A relationship approach to the marketing of professional ship management services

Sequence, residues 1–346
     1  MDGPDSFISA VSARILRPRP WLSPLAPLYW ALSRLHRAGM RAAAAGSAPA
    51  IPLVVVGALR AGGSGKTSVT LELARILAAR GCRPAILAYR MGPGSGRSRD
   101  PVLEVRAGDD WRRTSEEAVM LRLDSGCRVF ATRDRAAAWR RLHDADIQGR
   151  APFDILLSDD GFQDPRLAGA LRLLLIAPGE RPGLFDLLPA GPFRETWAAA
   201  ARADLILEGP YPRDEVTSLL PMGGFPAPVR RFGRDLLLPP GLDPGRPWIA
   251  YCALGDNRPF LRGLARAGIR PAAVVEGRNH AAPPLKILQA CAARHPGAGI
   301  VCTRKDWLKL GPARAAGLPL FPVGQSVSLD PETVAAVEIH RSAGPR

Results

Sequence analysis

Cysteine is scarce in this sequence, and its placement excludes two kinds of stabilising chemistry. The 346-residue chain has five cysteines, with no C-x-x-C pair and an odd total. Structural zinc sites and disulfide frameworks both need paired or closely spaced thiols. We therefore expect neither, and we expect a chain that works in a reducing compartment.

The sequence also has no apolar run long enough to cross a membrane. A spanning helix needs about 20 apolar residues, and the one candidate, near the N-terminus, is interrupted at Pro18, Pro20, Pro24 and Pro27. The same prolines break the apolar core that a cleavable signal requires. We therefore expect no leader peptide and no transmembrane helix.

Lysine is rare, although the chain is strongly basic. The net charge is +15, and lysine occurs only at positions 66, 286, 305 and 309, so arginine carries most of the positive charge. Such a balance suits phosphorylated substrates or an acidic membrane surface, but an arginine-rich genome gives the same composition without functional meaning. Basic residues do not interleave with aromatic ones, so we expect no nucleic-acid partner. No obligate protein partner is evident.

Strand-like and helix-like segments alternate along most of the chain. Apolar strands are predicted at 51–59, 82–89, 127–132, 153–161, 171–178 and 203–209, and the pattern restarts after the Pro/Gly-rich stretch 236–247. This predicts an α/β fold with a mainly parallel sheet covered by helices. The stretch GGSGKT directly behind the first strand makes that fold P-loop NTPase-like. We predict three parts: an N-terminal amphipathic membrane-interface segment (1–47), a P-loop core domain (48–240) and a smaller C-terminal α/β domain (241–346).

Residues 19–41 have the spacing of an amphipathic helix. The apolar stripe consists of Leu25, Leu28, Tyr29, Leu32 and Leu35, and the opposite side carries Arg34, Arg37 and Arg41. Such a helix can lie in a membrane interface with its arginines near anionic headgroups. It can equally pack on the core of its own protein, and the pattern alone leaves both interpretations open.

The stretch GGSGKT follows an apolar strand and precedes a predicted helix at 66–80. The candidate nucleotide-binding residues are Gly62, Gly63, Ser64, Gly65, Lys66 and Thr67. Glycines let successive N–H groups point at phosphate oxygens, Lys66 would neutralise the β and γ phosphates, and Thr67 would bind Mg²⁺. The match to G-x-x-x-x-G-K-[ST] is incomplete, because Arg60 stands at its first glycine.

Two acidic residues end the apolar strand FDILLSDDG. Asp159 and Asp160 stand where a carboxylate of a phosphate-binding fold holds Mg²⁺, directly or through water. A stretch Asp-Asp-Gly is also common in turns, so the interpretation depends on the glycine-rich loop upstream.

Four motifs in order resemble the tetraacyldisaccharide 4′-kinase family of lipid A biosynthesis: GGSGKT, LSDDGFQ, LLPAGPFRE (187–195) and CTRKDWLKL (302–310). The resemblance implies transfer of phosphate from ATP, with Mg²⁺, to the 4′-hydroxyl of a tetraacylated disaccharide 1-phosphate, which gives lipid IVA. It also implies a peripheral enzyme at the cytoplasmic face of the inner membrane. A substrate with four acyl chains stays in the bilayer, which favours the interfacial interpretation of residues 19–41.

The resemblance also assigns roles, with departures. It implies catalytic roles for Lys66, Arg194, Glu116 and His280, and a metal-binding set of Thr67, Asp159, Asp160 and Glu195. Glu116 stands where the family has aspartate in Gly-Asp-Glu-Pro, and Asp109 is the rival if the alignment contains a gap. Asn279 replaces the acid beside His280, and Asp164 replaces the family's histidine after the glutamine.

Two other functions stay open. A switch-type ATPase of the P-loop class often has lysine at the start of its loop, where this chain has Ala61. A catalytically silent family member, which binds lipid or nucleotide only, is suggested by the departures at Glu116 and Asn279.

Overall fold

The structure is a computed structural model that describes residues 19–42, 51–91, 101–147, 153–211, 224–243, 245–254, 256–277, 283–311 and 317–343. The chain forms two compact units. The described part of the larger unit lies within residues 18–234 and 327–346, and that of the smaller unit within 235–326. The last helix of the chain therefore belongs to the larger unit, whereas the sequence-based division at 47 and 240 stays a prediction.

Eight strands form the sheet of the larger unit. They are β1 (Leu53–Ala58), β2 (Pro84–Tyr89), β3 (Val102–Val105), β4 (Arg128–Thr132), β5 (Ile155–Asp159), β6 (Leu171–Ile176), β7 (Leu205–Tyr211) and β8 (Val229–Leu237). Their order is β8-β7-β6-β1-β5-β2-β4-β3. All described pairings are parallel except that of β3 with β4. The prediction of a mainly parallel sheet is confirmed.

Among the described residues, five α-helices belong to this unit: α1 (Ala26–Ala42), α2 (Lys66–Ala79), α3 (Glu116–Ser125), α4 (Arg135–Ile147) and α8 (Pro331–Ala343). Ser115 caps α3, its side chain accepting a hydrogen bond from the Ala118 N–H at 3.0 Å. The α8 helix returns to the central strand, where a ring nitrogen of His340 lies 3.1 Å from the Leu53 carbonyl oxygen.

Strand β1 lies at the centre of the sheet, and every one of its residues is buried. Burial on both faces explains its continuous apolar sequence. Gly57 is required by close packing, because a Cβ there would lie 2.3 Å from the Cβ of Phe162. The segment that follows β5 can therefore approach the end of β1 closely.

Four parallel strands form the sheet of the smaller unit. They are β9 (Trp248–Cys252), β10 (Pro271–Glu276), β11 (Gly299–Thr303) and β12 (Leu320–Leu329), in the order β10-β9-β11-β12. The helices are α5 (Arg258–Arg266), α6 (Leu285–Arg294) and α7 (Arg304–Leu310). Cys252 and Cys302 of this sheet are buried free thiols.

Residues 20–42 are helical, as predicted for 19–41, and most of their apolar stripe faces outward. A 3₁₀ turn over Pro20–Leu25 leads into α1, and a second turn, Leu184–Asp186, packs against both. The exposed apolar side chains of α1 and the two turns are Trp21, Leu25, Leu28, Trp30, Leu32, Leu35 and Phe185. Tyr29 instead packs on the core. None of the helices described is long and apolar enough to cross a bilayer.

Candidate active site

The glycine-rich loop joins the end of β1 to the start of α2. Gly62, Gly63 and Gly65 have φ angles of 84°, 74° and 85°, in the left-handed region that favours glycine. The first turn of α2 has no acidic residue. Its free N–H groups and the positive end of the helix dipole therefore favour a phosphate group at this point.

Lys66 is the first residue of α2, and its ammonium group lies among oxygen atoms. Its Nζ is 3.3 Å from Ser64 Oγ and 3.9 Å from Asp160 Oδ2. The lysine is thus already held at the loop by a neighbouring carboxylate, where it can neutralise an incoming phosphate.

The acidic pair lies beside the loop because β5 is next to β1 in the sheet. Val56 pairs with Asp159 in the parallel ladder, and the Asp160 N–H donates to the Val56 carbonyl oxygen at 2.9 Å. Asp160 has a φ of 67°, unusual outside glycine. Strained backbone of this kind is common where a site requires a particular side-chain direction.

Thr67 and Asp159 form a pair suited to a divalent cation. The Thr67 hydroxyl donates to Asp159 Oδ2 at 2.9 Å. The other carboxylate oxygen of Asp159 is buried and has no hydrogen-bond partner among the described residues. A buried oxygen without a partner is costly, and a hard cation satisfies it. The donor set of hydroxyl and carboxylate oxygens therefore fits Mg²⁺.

Professional ship management, i.e. the management of ships by third parties on behalf of their owners, has grown in importance in international shipping. This research investigates the relationship between professional ship managers and their clients in order to lay down the foundations for optimal marketing strategies directed towards retention of current clients and prospects over the long-term. Professional ship management has been described as an efficient organisational. adjustment to the needs of the global shipping market and a way by which western countries have been trying to sustain their global maritime dominance (Sletmo 1989). Despite this, ship management has received little attention from academia. The importance of the subject area and the limited scientific attention it has received, make professional ship management worthy of scholarly consideration. A review of ship management was undertaken in order to ascertain current marketing policies and problems faced by the industry. Frequent client defections and client uncertainty and dissatisfaction coupled with marketing directed towards client attraction (mainly promotion) resulted in identifying that application of relationship marketing may be beneficial for professional ship management. A review of the relationship marketing literature supported the application of the concept in a ship management context and assisted in developing a conceptual model. The conceptual model aimed towards identifying the dimensionality of ship manager-client relationships and their classification. Classification involved carrying out tests to identify whether ship management companies may be assembled into segments on the basis of their client relationships, and if so, whether particular characteristics of the interacting organisations may be found in particular relationship segments. Analysis of the data obtained from telephone interviews with a sample of ship managers in the United Kingdom and Cyprus resulted in the identification of the dimensions in ship manager-client relationships. A subsequent questionnaire to the respondents aimed at identifying the organisational characteristics of the companies and obtained structured responses to the relationship dimensions. Application of cluster analysis indicated the existence of four segments of ship management companies on the basis of their client relationships. The clusters obtained were validated and also supported on a theoretical basis from the relationship marketing literature. Preliminary investigation between organisational, characteristics and cluster membership indicated that companies in particular relationship segments share certain similar organisational characteristics. Multiple discriminant analysis assisted in identifying those organisational characteristics that are more strongly associated with cluster membership. A discussion of the results provides serious implications for practitioners, be it professional ship management companies or their clients. The research shows that ship management companies may be facing problems due to their client relationship attitudes, that the ship management industry is segmented in terms of service providers and that clients can have a choice of ship manager based on their individual needs. Companies with particular client relationships may face problems like short-term contracts and client defections. Based on the study, ship management companies will be able to address and combat such problems. Furthermore, implications for theory development, research methodology in a maritime context and scope for further research in professional ship management are discussed.